At its recent meeting, the FCC updated several aspects of its Emergency Alert Services (EAS) rules. Here are some of the highlights:
Historically alerts have been referred to as Presidential alerts. This name has been changed “National Alerts” which can be originated not only by the President but also by the FEMA Director.
The alerts need not be directed to the whole country but can also be sent regionally.
There are new requirements for State Emergency Communications Committees that require regular meetings and the filing of state EAS plans which will now be kept confidential for security reasons.
Allows reporting to the FCC of false EAS alerts not only by broadcasters themselves, but also by local, state and national officials (and encourages the reporting not just of alerts broadcast when there was no emergency, but also of emergency alerts broadcast in a location where they would not be relevant, e.g. an alert about a New York snowstorm broadcast on an Arizona station).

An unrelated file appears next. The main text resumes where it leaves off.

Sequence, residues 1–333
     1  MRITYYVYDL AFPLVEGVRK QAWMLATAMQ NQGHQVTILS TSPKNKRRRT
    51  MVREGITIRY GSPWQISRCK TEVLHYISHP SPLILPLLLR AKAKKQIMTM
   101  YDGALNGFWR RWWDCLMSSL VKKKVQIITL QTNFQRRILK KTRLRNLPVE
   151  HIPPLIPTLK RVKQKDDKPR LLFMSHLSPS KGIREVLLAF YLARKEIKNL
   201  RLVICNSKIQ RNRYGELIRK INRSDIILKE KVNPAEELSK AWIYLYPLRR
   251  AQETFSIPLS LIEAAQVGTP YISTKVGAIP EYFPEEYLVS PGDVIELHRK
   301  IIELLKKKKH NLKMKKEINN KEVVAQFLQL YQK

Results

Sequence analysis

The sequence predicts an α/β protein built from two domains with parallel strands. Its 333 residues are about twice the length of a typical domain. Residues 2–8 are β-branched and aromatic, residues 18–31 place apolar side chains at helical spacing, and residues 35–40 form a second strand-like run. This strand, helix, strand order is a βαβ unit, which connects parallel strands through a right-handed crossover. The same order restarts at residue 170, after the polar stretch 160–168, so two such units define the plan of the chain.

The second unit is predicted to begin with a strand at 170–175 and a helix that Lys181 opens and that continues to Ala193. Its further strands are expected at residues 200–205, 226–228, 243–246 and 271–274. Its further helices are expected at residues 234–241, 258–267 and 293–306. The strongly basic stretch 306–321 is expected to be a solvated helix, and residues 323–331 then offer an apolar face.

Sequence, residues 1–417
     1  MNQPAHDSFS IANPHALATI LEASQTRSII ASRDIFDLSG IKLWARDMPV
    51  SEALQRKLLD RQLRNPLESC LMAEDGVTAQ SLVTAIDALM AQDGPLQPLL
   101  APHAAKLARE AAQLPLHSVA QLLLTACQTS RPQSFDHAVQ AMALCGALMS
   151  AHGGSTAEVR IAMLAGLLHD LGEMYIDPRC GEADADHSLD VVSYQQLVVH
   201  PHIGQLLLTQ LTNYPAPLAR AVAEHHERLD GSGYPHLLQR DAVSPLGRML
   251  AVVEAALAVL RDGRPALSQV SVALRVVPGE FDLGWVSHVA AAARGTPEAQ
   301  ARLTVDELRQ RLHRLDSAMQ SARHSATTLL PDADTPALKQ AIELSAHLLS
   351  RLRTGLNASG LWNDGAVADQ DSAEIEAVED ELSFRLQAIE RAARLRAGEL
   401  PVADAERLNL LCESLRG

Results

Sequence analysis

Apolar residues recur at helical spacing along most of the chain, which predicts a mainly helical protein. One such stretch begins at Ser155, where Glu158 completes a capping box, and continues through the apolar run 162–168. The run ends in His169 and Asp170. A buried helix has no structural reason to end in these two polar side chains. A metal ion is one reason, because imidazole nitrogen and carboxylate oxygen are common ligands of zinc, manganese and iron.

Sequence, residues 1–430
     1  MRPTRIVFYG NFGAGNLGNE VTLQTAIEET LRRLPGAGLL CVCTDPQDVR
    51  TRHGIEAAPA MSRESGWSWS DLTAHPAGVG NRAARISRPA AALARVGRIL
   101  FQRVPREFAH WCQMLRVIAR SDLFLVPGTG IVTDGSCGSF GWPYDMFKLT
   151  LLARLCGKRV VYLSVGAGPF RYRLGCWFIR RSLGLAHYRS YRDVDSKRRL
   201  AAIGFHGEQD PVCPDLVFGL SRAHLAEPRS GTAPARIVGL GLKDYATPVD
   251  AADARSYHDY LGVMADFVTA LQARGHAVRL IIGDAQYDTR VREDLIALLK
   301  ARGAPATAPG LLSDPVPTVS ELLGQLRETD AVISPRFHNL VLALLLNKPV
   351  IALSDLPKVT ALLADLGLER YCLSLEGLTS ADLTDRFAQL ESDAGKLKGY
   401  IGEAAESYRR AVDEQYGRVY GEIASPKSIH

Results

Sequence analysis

The FCC also commenced a proceeding seeking comment on several EAS changes suggested by FEMA, including whether to delete, redefine, or replace certain EAS codes that are no longer relevant or may cause confusion. It also solicited comment on updating EAS alerts to support “persistent” alerts that continue to be transmitted through EAS as long as an emergency that could lead to loss of life lasts.
To see the FCC’s decision click HERE.
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